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Essential Tremor Therapy: Does Deep Brain Stimulation Work?

It’s no fun to have shaky hands when you’re trying to button a button or bring a fork to your mouth. But such is the reality for people with essential tremor, a condition that affects up to 14 percent of people. Medications can subdue the tremor, but they don’t work for everyone — and there are potential side-effects. Now, there’s a new essential tremor therapy — a surgical procedure called deep brain stimulation.

Benign essential tremor: What is it?

Benign essential tremor is often an inherited disorder. A person with this condition develops a tremor in their hands and sometimes their head during late adolescence or adulthood, and it usually persists for the rest of their life. It’s a frustrating condition to treat, because even when medications work, they may become less effective over time. The symptoms can worsen as a person ages, making a task as simple as tying a shoe a challenge.

Deep brain stimulation: A new essential tremor therapy?

Deep brain stimulation involves implanting a pacemaker into the brain. Once implanted, the pacemaker sends signals to discrete portions of the brain to block abnormal signals that cause tremor.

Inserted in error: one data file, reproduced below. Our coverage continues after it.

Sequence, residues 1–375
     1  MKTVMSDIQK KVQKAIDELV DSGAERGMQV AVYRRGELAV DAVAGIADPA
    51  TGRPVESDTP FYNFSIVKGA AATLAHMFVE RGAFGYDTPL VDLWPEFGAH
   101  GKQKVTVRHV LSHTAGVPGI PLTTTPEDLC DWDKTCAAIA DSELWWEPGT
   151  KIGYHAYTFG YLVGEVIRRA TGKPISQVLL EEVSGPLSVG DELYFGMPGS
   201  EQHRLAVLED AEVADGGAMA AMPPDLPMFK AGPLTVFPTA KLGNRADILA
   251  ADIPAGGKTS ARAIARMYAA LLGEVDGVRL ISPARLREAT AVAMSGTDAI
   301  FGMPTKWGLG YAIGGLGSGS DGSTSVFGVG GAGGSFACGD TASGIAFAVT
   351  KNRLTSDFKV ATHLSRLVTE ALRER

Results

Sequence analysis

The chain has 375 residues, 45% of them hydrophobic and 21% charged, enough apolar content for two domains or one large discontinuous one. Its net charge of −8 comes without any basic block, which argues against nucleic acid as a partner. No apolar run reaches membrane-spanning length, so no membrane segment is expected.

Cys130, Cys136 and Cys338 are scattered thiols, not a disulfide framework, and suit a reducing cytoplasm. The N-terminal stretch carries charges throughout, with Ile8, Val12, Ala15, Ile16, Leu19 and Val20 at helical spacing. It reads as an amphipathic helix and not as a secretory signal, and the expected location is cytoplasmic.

When researchers reviewed the outcomes of 31 people who had deep brain stimulation to treat benign essential tremor, they discovered that 77 percent of them were able to stop their medications. The symptoms improved in the remaining people, but they stayed on their medication to control their blood pressure. Beta-blockers are frequently used for benign essential tremor — and to treat hypertension. All-in-all, in this small group of patients, deep brain stimulation was a highly effective treatment for essential tremor.

Is deep brain stimulation safe for benign essential tremor?

Doctors only treat one side of the brain with deep brain stimulation for essential tremor to decrease the risk of side-effects. They usually do the side of the brain that controls the dominant hand. People who get bilateral deep brain stimulation run the risk of psychiatric side-effects such as depression, anxiety, personality changes or hallucinations, although these symptoms are usually temporary.

The bottom line

Deep brain stimulation appears to be a promising therapy for treating essential tremor in people who don’t respond to medications. On the other hand, it’s still surgery and it’s a new procedure, so one knows whether the tremor will come back again 15 years down the road. Still, for people who have a severe tremor that don’t respond to medications, this surgery could boost their quality of life and may be worth the small risk of side-effects..
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